Why We Must Elevate Voice & Choice


The Curricular Implications of Student-Led Movements.

Nearly every time I eat spinach in front of my mom, she expresses surprise.

Some context: I am thirty years old. My mom and I are close. Spinach has been a staple of my diet for the last decade. For the two decades before that, I wouldn’t let spinach get within a mile of my plate.

It’s not that my mom doesn’t know my eating habits, or me, and it’s not that my mom isn’t observant.  What it comes down to is this: to my mom, I will always be her child – and her child did not eat spinach.

That feeling I get – a complex mixture of slight irritation, followed immediately by deep sympathy – every time my mom asks, “You eat spinach?” is the best analog I have for describing how I’ve felt for the last two weeks as I’ve watched coverage of the student-led movement coming out of Marjory Stoneman Douglas High School. There’s a kind of awe and shock that permeates articles and TV spots about the remarkable young people who have led the nation in a chorus of outcries against politicians who have been ineffective in fighting the scourge of gun violence that has invaded our schools.

“Look at them,” journalists seem to say, “Imagine teenagers – doing something!”

It is as though the entire country is my mom, looking at me through the single lens of mother and child. These teenagers, similarly, are being viewed through a single lens – the lens people apply to teenagers – one that dictates that they are somehow unprepared to have well informed opinions, clearly stated. Neither my mom, nor the nation at large should be blamed for not knowing what they could not have possibly known before, but now the nation is learning.

To be clear: I, too, am impressed by Emma Gonzalez, David Hogg, Cameron Kasky and their classmates – it’s just that I’m not shocked. I am not shocked that students are mobilizing. I am not shocked that they are speaking out. I am certainly not shocked that they are doing these things well. I will not be shocked when change is effected at their behest.

I don’t quite know what non-teachers see when they look at teenagers – it would be impossible for me to know because I have spent my entire career teaching. I know that they are passionate, and that they can be moved to action when something strikes them as unfair or unjust. I know, too, that they are compassionate, and that they feel things deeply. I know that I feel safe with the future in their hands.

Consider this: the seniors at my high school walked out of class, walked into the superintendent’s office, and would not leave until they were granted a conversation with administrators over parking. There aren’t enough spaces. Students were ticketed for parking improperly. They found the situation unfair. When the school could not give them satisfactory solutions – there’s simply not enough space for the number of cars – they went to the mayor and council. They spoke during the public comment period. They prepared statements, they offered alternatives, and they pled their case.

We found more spaces for them.

Not enough, but some. The students asked for change, and then implored, and then insisted. That’s how they got what they needed: by organizing and insisting and using every tool available to the citizens of our nation. If my students could be moved to begin an organized movement over parking spaces, it is hardly surprising that students in Parkland, Florida are demanding a national conversation when fourteen of their classmates and three of their teachers were gunned down in front of them.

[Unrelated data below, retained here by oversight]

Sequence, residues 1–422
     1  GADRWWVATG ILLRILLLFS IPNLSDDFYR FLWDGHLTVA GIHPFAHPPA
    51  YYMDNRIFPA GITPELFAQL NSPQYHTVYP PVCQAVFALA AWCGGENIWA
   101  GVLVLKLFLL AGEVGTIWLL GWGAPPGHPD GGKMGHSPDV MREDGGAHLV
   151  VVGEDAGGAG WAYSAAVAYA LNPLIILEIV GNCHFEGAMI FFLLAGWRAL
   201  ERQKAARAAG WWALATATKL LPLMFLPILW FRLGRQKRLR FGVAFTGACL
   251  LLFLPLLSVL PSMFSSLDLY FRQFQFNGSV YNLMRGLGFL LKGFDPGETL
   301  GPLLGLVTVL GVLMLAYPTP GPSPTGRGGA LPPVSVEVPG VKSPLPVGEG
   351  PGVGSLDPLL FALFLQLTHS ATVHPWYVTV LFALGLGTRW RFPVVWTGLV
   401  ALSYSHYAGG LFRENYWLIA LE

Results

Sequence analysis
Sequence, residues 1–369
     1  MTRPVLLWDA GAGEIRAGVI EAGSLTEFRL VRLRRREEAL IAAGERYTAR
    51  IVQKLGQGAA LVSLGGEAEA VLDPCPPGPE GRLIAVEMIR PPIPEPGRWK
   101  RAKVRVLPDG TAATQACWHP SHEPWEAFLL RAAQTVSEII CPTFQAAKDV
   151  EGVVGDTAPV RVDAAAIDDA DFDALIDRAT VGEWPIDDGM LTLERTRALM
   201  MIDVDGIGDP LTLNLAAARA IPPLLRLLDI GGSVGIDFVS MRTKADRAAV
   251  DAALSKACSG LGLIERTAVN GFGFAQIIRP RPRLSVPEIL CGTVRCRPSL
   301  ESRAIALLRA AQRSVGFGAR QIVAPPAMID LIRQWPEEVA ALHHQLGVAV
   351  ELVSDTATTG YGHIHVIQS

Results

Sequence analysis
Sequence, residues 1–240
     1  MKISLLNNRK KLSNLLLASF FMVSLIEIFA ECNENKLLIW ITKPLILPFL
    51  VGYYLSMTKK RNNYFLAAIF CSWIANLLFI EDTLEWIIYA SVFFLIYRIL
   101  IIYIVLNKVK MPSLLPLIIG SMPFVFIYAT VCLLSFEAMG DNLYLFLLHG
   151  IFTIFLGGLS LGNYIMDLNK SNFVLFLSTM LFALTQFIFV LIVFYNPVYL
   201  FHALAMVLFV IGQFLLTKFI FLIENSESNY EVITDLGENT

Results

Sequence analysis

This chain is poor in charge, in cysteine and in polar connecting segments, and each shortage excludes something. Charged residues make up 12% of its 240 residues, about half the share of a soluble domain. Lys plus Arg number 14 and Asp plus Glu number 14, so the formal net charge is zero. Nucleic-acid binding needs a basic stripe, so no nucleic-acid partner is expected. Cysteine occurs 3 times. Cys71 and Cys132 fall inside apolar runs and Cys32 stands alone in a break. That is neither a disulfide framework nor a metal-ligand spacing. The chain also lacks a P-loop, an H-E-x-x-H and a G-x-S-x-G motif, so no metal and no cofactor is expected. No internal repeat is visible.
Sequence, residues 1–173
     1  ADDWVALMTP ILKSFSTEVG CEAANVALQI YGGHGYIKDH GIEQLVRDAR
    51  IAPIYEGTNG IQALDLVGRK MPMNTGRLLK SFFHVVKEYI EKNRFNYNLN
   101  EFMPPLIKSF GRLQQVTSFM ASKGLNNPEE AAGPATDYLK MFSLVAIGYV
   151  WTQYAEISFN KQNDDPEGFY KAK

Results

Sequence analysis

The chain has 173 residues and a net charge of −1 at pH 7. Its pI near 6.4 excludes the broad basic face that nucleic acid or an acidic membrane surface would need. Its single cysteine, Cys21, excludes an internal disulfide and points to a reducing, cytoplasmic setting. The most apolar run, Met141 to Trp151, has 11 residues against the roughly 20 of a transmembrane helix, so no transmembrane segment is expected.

For teachers, all of this has curricular implications – because, of course it does. We talk a lot about “student voice and choice”, a phrase that has officially risen to the status of “educational buzzword” in recent years. The danger with these buzzwords is that they turn into platitudes – nice ideas, things we all say we do, but that are nebulous, and hard to pin down, and, when pressed, are difficult to provide examples of in our practice.

What the students in Parkland should be reminding us of is the utter necessity – the duty that we have as educators – of not allowing that to happen. We are supposed to be preparing our students for the “real world,” but we must remember that they are already living in it. That Emma, and David and Cameron have been so successful is not only a credit to them and to teenagers more broadly, but quite obviously to their teachers – something Emma herself acknowledged in her now famous, “We call BS” speech – who gave them the confidence, and the skills to give voice to their movement. Their teachers have made them feel that their opinions and voices matter, and have let them know that young people are worthy of being heard.

We can and we must allow our students not only to participate in, but to chart their own courses in our classrooms. Their voices must be listened to, and the choices we offer must be meaningful.

If you are already doing it, keep going. Embed student agency more deeply into your day-to-day practice. And, if you’re having trouble getting started, find help. Start by asking the kids in your class.

Shari Krapels is a high school English teacher in New Jersey, and a member of ASCD’s Emerging Leaders Class of 2017. Connect with Shari on Twitter at @mrs_krapels.